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History of the club

About the Cordon Rouge Club


The Cordon Rouge Club was founded in 2008 in recognition of Champagne G.H. Mumm’s rich longstanding heritage in the support of exploration and adventure. Its purpose is to reward exceptional people for their extraordinary achievements within the realms of exploration, sailing, adventure and discovery.

The Club comprises a growing group of inspiring adventurers who have chosen to twist conventions and follow a different path in life. For showing immense courage and dedication in their particular fields; from conquering mountains to traversing continents single-handed, the members of the club are recognised and rewarded through membership of the Cordon Rouge Club.
Heritage of the house of Mumm and exploration

Heritage of the house of Mumm and exploration

Exploration, adventure and champagne have been intrinsically linked since the first bottles were produced over 200 years ago. Champagne G.H. Mumm has been used to celebrate some of the most incredible human feats of endurance and achievement since the House was founded in 1827.
The Mumm family was indeed rather adventurous; among them were hot air balloonists, pilots, the head of an alpine club and even a member of the French Olympic bobsleigh team. In 1876, Georges Hermann Mumm, so inspired by those around him, made a decision that would shape the destiny of his champagne house forever. Paying tribute to his prestigious clients, he decorated the neck of every bottle of his Brut Cuvée with a red silk ribbon. This decoration was inspired by the red sashes of France’s highest civilian award, the Grand Cordon de la Légion d’Honneur. Beyond the visual strength of the Cordon Rouge, this decision firmly established G.H. Mumm as the natural choice for all extraordinary adventurers thereafter.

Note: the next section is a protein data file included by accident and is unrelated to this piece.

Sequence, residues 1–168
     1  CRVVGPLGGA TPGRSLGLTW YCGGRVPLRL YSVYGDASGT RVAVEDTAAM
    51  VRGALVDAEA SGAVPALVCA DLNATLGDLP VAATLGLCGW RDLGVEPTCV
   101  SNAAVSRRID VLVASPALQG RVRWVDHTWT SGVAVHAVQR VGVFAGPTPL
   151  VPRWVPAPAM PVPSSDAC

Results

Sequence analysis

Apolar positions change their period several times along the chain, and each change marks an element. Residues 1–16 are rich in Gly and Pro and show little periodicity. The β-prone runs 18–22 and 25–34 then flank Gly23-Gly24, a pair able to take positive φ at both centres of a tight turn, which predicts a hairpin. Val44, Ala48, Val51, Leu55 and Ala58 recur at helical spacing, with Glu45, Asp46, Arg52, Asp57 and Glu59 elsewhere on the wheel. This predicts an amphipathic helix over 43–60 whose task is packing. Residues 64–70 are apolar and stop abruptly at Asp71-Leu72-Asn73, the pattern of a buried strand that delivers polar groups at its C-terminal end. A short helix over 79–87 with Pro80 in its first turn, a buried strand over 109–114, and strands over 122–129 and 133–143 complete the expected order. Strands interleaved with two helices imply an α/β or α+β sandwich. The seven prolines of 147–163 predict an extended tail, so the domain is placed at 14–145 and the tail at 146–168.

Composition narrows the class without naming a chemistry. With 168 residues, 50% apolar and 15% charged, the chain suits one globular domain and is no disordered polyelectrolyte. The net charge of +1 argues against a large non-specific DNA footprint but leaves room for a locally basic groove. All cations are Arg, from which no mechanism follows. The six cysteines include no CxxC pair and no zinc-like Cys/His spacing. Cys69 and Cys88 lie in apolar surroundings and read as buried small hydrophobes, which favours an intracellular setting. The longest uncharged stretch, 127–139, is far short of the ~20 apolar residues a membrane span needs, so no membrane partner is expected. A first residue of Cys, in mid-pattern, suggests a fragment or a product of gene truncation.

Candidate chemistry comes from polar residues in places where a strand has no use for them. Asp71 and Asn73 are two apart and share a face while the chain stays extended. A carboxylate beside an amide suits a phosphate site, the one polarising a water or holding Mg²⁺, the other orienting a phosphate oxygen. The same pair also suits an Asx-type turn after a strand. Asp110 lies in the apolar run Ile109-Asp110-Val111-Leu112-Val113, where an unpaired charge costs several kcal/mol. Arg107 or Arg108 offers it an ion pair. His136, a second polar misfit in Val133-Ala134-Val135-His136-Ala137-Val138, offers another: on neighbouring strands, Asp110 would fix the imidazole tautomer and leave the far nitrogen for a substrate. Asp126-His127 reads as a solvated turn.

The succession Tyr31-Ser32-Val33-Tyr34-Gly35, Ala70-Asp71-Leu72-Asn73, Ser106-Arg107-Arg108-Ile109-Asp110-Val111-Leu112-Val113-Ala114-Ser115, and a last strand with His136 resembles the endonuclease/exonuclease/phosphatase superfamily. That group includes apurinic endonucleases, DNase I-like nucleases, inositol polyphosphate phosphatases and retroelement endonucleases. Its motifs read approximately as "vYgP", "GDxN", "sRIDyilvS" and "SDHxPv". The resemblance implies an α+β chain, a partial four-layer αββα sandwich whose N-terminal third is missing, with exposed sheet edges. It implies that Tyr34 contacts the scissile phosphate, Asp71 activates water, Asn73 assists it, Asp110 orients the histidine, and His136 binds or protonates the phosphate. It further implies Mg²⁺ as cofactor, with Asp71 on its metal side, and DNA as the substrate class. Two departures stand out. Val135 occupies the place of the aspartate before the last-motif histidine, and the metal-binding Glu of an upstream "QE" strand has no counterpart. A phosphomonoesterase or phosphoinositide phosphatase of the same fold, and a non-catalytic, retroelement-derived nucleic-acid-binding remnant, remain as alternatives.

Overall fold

One of the most iconic expeditions which the House supported was that of the pioneering Polar adventurer Captain Jean Baptiste Charcot – a precursor to Scott and Shackleton. In 1902 Charcot left Le Havre on an epic 2 year expedition to explore the Antarctic Peninsula. The House supported him on his epic adventure and ensured that they even had some bottles of Cordon Rouge to hand to celebrate Bastille Day in 1904 on an iceberg.

Today Champagne G.H. Mumm continues to help exceptional people celebrate their extraordinary feats, including the highest formal dinner party with Bear Grylls at 27,000 ft suspended underneath a hot air balloon; the world’s first flying car voyage; global support for the Formula 1 circuit; and most recently, the world’s first wingsuit jump without the aid of a parachute.

 
 
 
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